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People wear face masks to guard against the coronavirus near Yokohama Station in Yokohama, Japan, Oct. 8, 2020.
People wear face masks to guard against the coronavirus near Yokohama Station in Yokohama, Japan, Oct. 8, 2020. (Akifumi Ishikawa/Stars and Stripes)

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YOKOTA AIR BASE, Japan — The home of the U.S. 7th Fleet reported two new coronavirus cases Friday, both individuals who recently arrived in Japan.

Meanwhile, the commander of U.S. Forces Japan extended a 6-month-old public health emergency related to the coronavirus pandemic for all U.S. military personnel in the country through the end of the year.

The two new patients at Yokosuka Naval Base, south of Tokyo, remain in isolation, according to a post on the base Facebook page. Two other people recovered and were released, bringing the number of active cases on the base to six.

The U.S. military does not specify whether its coronavirus patients are service members, civilian employees or family members. All new arrivals must spend two weeks in quarantine and test free of the virus before exiting.

USFJ commander Lt. Gen. Kevin Schneider extended until Dec. 31 the public health emergency that permits local commanders to set restrictions within their installations to curb the virus’ spread. Schneider declared the emergency, which applies to all U.S. military bases in Japan, on April 15 and has extended it consistently ever since. It was due to expire Monday.

A public health emergency also applies to Defense Department civilian employees, contractors and the families of service members, as well as service members themselves.

At Marine Corps Air Station Iwakuni in western Japan, a family of four was banned from base and sent home for violating a rule forbidding travel on public transportation. The family flew by commercial airline from Tokyo to Iwakuni in July.

USFJ, headquartered at Yokota in western Tokyo, is the U.S. authority that interacts on military matters with the government of Japan. It also sets policies for U.S. installations in the country.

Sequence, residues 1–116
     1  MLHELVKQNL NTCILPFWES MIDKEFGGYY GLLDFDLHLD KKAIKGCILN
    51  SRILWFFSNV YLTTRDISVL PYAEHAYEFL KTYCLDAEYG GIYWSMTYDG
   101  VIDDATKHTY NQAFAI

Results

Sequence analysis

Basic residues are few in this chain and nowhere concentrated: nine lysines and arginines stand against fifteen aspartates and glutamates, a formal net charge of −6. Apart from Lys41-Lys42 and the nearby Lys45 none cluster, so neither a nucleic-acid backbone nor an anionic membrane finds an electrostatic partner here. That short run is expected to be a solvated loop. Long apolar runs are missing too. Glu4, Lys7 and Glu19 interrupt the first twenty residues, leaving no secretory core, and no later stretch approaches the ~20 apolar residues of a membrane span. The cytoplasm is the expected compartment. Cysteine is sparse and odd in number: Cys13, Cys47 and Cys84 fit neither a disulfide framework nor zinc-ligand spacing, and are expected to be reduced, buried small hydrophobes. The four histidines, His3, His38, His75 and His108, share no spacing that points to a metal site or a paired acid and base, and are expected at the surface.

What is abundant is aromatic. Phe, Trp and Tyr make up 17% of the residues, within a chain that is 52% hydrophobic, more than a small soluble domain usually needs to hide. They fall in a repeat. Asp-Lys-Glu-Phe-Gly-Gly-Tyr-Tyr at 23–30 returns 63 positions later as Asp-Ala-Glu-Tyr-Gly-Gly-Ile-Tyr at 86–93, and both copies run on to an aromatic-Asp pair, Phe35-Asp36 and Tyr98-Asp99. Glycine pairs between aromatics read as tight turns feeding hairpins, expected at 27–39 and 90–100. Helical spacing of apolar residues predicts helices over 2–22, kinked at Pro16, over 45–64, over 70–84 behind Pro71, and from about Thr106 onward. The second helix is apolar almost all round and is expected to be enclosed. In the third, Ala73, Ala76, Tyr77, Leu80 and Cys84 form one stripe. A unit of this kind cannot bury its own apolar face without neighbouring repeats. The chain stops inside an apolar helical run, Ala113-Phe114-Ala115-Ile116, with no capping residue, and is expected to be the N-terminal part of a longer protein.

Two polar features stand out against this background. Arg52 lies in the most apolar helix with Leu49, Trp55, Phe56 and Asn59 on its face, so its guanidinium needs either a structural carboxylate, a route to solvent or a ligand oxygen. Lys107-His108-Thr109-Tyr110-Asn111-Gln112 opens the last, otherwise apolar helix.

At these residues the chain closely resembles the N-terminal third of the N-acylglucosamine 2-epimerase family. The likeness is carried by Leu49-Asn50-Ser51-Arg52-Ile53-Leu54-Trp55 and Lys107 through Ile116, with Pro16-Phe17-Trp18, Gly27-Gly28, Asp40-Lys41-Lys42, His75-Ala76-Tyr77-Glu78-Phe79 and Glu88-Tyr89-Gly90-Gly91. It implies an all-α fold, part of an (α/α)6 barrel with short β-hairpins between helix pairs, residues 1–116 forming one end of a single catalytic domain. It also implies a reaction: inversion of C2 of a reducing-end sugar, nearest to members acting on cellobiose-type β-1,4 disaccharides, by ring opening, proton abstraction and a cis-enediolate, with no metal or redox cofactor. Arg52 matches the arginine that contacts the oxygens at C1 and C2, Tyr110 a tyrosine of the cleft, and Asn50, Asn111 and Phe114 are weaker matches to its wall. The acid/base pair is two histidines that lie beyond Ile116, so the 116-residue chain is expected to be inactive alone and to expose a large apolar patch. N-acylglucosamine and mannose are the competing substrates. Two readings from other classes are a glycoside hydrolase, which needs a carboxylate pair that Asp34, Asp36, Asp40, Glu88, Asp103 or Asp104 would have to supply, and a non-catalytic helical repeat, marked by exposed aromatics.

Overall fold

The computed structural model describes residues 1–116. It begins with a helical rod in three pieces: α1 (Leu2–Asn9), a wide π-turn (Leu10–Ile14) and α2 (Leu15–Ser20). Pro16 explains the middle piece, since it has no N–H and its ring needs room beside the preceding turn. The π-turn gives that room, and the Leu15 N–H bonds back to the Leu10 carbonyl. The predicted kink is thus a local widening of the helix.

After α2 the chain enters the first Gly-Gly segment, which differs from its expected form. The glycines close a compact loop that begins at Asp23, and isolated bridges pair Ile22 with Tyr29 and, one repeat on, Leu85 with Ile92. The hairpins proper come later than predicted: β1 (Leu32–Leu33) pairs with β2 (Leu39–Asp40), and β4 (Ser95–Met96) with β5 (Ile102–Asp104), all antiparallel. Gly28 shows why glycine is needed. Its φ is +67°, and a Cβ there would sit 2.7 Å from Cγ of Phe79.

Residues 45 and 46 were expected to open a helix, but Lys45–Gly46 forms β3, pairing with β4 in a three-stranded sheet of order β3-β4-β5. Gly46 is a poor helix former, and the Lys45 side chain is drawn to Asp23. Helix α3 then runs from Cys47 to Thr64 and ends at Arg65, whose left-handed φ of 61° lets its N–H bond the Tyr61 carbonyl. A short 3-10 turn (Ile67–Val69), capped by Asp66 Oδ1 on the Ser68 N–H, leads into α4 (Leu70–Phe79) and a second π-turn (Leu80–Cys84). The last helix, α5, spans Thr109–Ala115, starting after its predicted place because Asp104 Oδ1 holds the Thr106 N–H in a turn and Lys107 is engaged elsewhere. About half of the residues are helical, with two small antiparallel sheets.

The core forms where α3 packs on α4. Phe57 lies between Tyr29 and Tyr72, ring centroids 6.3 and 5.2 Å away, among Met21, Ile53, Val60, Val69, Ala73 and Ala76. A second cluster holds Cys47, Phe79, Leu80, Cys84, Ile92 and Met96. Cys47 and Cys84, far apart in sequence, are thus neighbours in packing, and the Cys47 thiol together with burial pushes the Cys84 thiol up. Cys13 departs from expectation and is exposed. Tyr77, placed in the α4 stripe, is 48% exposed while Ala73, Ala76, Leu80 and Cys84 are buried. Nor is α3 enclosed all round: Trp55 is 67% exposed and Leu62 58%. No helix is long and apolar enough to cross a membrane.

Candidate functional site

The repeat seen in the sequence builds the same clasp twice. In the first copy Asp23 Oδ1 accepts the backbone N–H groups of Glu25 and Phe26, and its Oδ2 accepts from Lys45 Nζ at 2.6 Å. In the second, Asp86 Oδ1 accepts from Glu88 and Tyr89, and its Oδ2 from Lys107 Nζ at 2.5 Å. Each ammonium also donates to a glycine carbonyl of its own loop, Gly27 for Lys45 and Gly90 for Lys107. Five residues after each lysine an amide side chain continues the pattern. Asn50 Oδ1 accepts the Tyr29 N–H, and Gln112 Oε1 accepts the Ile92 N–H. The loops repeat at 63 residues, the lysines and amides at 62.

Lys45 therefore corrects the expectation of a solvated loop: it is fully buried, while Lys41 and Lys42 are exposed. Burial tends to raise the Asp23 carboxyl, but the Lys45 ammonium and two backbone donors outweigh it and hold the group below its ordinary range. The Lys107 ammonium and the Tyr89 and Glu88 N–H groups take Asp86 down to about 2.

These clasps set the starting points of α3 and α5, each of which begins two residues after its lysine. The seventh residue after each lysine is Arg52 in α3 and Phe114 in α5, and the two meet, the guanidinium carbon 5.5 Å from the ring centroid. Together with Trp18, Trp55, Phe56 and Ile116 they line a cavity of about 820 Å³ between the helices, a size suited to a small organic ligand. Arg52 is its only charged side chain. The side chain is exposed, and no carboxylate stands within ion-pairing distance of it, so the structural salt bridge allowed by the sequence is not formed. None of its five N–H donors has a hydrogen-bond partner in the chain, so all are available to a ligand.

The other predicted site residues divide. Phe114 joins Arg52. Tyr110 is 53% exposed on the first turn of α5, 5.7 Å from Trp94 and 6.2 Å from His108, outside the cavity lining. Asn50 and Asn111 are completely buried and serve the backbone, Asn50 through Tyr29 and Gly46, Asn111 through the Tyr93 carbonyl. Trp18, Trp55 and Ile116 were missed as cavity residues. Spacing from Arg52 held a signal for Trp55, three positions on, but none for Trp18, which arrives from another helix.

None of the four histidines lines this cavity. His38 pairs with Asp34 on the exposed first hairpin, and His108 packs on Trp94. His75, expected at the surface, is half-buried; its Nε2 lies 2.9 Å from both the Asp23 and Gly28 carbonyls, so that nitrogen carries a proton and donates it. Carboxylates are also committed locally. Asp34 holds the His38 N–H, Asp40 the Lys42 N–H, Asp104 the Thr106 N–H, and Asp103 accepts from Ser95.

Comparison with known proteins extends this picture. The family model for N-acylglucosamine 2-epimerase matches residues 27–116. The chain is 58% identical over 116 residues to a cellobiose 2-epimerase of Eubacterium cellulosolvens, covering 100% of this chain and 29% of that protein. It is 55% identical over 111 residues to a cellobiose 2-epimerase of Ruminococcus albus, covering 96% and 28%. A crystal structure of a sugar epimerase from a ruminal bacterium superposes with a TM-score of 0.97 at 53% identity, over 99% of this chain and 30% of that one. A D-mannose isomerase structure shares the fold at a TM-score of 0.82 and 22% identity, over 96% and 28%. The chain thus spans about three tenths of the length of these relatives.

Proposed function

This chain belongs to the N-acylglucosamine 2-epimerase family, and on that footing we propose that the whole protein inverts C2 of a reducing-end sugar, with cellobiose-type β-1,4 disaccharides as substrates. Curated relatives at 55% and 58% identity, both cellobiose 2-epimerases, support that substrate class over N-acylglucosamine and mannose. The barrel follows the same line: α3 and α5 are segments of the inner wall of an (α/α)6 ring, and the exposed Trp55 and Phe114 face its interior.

Although base commanders in spring initially applied a series of restrictions uniformly, with some exceptions, those restrictions have eased as local conditions permit and the number of new coronavirus cases has declined.

Off-duty travel boundaries, for example, have broadened but still vary from base to base.

Yokota’s commander permits travel anywhere in Japan except central Tokyo. By contrast, the commander at Sasebo Naval Base on Wednesday re-imposed strict limits on travel and activities after five new infections emerged within the base community.

No one there may go anywhere but between their homes and their workplaces, with a few exceptions for outdoor recreation and essential services.

As summer waned in Japan, the majority of new coronavirus cases in the U.S. military occurred among personnel newly assigned from the United States or returning from travel abroad.

Some restrictions remain uniform across U.S. installations from Okinawa to Misawa Air Base: bars, tattoo and massage parlors, Pachinko halls, karaoke clubs, night clubs and the like are off-limits, as are amusement parks and sporting events.

Some commanders permit their people to visit onsens, stay in Japanese hotels and inns and dine in local restaurants, while others do not.

All commanders have placed all or parts of the Tokyo metro area off-limits. Some have placed Yokohama, Osaka, Fukuoka and Kyoto off-limits, too.

Most permit their personnel to ride Japanese trains, including the bullet trains, or shinkansen, as well as buses, taxis and to fly on domestic airlines within the country.

At all U.S. installations, wearing masks, maintaining social distancing and washing hands or using hand sanitizer frequently are required. Twitter: @JosephDitzler

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